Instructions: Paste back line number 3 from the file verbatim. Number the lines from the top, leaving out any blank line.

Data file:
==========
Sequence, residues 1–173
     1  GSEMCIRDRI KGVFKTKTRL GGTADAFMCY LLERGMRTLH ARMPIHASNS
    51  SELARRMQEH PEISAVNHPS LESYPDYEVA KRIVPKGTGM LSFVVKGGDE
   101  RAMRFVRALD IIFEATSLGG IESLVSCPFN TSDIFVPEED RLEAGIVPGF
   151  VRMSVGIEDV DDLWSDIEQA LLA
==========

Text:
    51  SELARRMQEH PEISAVNHPS LESYPDYEVA KRIVPKGTGM LSFVVKGGDE